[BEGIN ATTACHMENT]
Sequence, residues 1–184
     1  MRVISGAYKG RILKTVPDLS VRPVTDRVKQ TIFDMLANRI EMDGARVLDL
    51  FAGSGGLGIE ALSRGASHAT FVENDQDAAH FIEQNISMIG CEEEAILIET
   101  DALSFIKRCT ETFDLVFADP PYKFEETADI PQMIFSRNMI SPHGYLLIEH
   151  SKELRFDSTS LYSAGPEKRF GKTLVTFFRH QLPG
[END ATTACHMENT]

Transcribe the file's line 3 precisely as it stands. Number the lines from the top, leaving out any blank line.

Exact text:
    51  FAGSGGLGIE ALSRGASHAT FVENDQDAAH FIEQNISMIG CEEEAILIET